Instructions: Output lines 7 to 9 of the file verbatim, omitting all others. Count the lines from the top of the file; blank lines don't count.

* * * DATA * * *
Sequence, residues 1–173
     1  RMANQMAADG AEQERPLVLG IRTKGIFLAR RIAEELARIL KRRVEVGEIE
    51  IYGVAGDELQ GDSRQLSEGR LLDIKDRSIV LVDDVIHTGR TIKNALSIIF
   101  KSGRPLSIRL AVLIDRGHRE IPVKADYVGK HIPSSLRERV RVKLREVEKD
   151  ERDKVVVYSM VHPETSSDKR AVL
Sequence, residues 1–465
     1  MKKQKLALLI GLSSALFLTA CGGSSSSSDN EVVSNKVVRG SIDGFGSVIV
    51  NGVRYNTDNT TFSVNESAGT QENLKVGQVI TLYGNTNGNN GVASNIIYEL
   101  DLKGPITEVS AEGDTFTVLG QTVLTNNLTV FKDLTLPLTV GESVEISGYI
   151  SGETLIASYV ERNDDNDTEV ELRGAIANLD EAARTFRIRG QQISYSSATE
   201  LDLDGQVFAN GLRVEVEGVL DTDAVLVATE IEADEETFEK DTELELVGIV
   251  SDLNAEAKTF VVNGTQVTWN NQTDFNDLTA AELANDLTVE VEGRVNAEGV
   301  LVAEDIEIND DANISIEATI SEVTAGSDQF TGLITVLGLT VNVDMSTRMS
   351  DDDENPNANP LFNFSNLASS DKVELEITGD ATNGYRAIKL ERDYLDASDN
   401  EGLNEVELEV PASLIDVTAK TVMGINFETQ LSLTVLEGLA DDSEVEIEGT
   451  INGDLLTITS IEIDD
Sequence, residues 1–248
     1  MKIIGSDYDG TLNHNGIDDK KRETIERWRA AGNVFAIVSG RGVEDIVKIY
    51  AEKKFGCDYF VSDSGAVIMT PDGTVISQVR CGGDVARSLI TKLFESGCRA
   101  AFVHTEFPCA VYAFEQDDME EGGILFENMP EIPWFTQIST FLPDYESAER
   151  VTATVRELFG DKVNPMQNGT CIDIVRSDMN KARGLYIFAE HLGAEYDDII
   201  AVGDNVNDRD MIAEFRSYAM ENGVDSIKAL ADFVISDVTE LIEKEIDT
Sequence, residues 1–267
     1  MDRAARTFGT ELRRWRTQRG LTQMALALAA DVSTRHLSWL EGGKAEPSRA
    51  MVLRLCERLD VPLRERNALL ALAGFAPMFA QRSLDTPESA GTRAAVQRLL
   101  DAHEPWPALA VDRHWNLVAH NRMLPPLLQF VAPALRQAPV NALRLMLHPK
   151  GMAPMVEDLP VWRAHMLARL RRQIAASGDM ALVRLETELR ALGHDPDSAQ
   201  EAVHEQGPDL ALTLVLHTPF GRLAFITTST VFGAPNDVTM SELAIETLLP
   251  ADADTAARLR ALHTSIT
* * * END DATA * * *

     1  MKKQKLALLI GLSSALFLTA CGGSSSSSDN EVVSNKVVRG SIDGFGSVIV
    51  NGVRYNTDNT TFSVNESAGT QENLKVGQVI TLYGNTNGNN GVASNIIYEL
   101  DLKGPITEVS AEGDTFTVLG QTVLTNNLTV FKDLTLPLTV GESVEISGYI